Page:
Buzz

CORRECTION
14 Apr 2010
Expressing the inexpressible...?
I mistakenly attributed the quote in my previous blog post to the painter Wassily Kandinsky.  Thank you to my friend Alan Fletcher for pointing out that this was in fact said by the 19th century art critic and essayist, Walter Pater ("all art constantly aspires towards the condition of music."  (From a book entitled, "The Renaissance."  You can see it in context here - it is about 4 or 5 paragraphs down).

I think I remembered it as Kandinsky because it seems to fit him: his paintings aim for a level of abstraction that is typical of music (except for program music, like the "Pastoral" Symphony or "Peter and the Wolf," or music with a text, i.e. vocal music).
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Beethoven: Concerto for Piano no 5 in E flat major, Op. 73 "Emperor"
Mendelssohn: Concerto for Piano no 1 in G minor, Op. 25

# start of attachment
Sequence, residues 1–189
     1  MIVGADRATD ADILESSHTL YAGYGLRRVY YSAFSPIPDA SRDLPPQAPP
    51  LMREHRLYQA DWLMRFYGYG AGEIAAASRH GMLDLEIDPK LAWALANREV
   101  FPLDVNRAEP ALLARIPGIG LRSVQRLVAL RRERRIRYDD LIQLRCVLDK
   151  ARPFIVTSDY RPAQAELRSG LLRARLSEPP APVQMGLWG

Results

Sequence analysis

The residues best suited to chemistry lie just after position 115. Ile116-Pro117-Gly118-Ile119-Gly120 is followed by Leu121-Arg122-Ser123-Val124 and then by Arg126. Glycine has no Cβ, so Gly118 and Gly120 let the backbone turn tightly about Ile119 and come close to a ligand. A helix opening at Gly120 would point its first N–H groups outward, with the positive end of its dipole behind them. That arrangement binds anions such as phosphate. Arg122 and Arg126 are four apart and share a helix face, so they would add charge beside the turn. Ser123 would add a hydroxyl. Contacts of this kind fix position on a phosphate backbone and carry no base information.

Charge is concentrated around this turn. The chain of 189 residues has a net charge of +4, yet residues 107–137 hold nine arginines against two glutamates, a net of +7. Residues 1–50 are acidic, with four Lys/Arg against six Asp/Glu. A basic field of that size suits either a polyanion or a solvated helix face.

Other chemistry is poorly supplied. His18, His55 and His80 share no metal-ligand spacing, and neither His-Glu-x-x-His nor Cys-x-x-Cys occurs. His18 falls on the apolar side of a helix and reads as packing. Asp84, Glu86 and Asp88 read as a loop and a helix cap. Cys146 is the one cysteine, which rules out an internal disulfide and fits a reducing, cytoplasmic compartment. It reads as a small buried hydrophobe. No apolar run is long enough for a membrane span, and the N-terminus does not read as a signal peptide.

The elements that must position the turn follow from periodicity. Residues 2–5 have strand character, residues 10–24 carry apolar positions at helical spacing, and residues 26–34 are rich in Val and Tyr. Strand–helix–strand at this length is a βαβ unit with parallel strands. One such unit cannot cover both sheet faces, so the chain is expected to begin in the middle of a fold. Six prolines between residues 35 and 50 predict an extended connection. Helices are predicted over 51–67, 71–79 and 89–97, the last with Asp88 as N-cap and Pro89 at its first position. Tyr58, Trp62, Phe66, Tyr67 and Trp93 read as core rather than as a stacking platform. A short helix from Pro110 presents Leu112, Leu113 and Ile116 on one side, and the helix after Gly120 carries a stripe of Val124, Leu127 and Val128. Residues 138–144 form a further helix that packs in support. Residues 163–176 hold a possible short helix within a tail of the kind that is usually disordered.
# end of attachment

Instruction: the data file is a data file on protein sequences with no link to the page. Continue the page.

Barber: Concerto for Piano, Op. 38
Brahms: Variations (11) for Piano on an Original Theme, Op. 21 no 1
Schumann: Papillons, Op. 2
Schoenberg: Little Pieces (6) for Piano, Op. 19
Kirchner: Pieces (5)
Bartók: Out of Doors, Sz 81/BB 89
Bartók: Romanian Folkdances (6), Sz 56/BB 68
Bartók: Sonata for Piano, Sz 80/BB 88
Bartók: Rondos (3) on Slovak folktunes for Piano, Sz 84/BB 92
Bartók: Allegro barbaro for Piano, Sz 49/BB 63
Bartók: Mikrokosmos, Sz 107/BB 105: Book 6
Bartók: Dance Suite for Piano, Sz 77/BB 86
Ravel: Concerto for Piano in G major
Beethoven: Sonata for Piano no 14 in C sharp minor, Op. 27 no 2 "Moonlight"
Dvorak: Trio for Piano and Strings no 3 in F minor, Op. 65/B 130
Rachmaninov: Concerto for Piano no 2 in C minor, Op. 18

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